Methadone use during surgery may reduce need for postoperative opioid use

Spinal fusion surgery patients administered intraoperative methadone require less intravenous and oral postoperative opioid use for pain management, according to a study published in the journal Anesthesiology.

Methadone is a long-acting opioid used to treat patients in severe pain who need to be treated for an extended period of time. The drug is also used to curb the withdrawal symptoms of individuals addicted to heroin.

For the study, 115 spinal fusion surgery patients received either methadone during their operation or hydromorphone, an opioid often administered during surgery. Hydromorphone was given to both patient groups following surgery to manage pain.

The methadone cohort required an average of 5 milligrams of hydromorphone for pain management on day one post-surgery. The control group required a median of 10 milligrams on the first day after surgery. On day three after surgery, the methadone group received less than 1 milligram, while the control group required 3 milligrams, on average. The methadone group also reported lower pain scores than their study counterparts.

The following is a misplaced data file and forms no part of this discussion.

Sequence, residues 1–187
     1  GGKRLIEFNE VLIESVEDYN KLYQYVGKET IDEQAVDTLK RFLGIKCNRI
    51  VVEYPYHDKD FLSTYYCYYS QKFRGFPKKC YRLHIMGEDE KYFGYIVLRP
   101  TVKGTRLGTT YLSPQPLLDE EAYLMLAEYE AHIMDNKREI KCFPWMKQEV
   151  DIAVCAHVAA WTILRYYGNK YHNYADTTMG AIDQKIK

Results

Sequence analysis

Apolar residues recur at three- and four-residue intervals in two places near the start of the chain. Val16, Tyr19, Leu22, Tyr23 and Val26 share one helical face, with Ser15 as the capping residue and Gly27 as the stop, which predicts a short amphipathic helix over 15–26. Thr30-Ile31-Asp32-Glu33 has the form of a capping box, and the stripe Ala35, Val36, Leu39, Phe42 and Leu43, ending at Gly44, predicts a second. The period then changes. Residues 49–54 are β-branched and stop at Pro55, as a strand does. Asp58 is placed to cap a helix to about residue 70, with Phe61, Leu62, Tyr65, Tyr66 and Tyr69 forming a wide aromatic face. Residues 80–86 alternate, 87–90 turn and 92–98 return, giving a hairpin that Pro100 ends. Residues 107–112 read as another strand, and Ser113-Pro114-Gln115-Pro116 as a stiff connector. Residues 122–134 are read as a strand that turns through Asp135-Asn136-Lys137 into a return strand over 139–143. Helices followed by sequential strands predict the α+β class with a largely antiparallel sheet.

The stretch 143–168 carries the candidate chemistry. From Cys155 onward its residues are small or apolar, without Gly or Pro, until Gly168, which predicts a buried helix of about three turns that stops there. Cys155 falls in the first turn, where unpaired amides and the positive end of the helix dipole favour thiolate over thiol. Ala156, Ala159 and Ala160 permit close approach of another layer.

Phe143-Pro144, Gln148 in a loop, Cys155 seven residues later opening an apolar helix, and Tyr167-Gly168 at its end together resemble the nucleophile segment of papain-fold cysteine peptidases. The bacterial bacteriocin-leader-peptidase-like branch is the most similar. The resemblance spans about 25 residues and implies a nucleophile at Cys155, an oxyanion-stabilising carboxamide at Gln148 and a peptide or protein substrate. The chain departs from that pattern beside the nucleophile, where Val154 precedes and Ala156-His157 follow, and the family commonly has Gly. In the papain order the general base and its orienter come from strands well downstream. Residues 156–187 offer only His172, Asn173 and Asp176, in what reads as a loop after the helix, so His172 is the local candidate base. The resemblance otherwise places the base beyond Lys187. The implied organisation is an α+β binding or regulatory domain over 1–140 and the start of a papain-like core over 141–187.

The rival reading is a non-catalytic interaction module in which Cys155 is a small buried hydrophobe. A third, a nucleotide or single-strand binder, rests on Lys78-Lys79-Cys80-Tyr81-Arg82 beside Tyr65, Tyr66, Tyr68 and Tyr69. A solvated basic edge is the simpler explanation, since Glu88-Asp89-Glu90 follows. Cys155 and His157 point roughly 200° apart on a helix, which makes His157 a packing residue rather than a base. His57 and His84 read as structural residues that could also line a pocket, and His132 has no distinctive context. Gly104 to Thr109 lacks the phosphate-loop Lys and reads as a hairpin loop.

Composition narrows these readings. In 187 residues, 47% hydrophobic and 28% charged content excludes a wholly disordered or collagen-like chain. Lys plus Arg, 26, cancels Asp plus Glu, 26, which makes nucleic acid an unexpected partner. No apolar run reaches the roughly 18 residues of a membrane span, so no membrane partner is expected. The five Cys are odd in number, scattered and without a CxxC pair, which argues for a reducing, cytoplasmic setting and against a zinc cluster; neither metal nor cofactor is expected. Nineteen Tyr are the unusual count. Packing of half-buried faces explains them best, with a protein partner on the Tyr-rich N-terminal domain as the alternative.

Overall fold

"This is a new application for an old pain medication that offers hope for reducing the development of acute pain in the first few days after surgery, as well as chronic postoperative pain and the need for opioid medications following discharge from the hospital," said Glenn S. Murphy, MD, an anesthesiologist at NorthShore University Health System in Evanston, Ill., and the study's lead author. "There is currently an opioid crisis in the United States, and intraoperative methadone offers promise as a drug that can reduce the need for these pain medications during recovery."

More articles on opioids: 
4 ways healthcare providers can fight the opioid crisis locally 
Risk of death among patients with opioid abuse disorder 10 times higher than general population 
After filibuster and resistance, Missouri passes prescription drug monitoring program to fight opioid epidemic

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